When talking about ocean conservation most people can identify issues such as over fishing, toxic pollutants, garbage discarded in the ocean, etc. Not until fairly recently, the topic of human-made undersea noise pollution has attracted the attention of scholars and activists.
Research shows the deep sea is not dead silent, instead, it is a bustling place compared to mid-day Manhattan. “The sonar blasts of military exercises, the booms from air guns used in oil and gas exploration, and the whine from fleets of commercial ships that relentlessly crisscross the global seas.” –Just to give you an idea.
Marine experts say the rising human noise level is dangerous to sea mammals, many of which depend on their acute hearing to locate food, identify objects and communicate with each other. Worse, some specific noises result in permanent hearing losses for hundreds of sea mammals every year and temporary losses for thousands. It is estimated that over all annually the injured animals number more than a quarter million.
To curb noise pollution, U.S. federal government, by the National Oceanic and Atmospheric Administration (NOAA), is working on a project to document human-made noises in the ocean. The goal is to better understand the cacophony’s impact on sea mammals as a way to build the case for reductions. Since many commercial vessels are registered abroad, and most shipping noises arise in international waters, The International Maritime Organization, a United Nations body is crucial for setting acoustic standards.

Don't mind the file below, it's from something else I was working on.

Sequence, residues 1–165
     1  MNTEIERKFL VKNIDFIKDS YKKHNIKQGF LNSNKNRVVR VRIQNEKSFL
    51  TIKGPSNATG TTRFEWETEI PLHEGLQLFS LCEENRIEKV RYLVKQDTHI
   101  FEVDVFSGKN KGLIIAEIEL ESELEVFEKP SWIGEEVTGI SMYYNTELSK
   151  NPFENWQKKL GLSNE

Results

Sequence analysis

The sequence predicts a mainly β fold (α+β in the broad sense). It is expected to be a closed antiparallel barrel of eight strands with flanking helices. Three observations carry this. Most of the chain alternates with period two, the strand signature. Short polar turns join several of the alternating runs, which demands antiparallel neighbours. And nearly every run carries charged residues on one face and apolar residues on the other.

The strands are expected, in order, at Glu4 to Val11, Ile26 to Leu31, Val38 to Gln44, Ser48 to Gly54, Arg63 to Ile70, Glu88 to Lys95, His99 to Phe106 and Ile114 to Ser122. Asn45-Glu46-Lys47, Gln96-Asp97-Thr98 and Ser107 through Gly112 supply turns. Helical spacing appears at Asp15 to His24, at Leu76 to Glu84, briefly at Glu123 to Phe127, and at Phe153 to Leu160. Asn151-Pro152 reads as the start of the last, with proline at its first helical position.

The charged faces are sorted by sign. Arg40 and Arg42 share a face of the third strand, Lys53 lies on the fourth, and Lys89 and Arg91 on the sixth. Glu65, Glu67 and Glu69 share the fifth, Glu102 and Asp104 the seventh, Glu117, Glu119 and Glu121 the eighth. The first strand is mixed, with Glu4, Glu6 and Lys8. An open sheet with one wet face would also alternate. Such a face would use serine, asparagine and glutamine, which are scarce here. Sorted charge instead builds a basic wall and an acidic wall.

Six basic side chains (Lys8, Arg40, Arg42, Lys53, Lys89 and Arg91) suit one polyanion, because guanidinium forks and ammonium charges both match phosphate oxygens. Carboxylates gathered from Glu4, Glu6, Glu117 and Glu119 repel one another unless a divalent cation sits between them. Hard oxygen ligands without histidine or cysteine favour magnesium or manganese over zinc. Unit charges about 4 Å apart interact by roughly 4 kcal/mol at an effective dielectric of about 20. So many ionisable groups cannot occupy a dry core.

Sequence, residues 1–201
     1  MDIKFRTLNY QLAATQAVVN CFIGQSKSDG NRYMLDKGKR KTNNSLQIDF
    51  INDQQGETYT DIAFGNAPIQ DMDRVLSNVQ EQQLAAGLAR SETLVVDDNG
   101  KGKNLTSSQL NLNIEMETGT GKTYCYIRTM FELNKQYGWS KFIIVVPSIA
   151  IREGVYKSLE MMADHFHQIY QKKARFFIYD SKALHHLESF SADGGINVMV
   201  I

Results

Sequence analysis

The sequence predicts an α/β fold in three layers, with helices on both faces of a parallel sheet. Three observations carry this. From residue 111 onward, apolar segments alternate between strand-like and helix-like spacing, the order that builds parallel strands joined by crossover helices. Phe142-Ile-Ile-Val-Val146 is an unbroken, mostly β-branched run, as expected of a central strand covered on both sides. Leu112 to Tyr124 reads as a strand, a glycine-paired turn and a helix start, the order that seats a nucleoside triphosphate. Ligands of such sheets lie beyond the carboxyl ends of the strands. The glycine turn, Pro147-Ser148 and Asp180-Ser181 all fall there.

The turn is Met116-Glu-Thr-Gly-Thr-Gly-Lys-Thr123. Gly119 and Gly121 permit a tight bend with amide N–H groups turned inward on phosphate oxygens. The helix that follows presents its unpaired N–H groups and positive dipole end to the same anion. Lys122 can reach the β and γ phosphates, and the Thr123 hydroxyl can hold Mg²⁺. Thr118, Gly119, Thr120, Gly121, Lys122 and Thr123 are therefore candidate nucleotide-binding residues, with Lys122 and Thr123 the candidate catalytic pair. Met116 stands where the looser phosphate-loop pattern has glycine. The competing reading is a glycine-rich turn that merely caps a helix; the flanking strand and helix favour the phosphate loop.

NOAA suggests that the impacts of chronic and wide-ranging noise should be incorporated into comprehensive plans to manage the cumulative effects of offshore human activities on marine species and their habitats. Specific measures are discussed among scientists, such as ship quieting through propeller redesign, adding layers of sound-absorbing materials, as well as mounting engines, pumps, air compressors, and other types of reciprocating machinery on vibration isolators.
We are sure there will be a lot more projects seeking solutions to underwater noise pollution in the near future. Gr8-White is deeply committed to marine conservation and believes by sharing the wonders of the ocean, people will be inspired to protect it. With our Going Blu campaign, GR8-White is committed to donating a percentage of our gross sales each year to the conservation of our world’s oceans, lakes, and waterways. We donate these funds to non-profit organizations that have a dedicated interest to conserve and protect our oceans, lakes, and waterways.
To learn more about how you can help conserve our world’s most precious resource visit GR8-White.com today!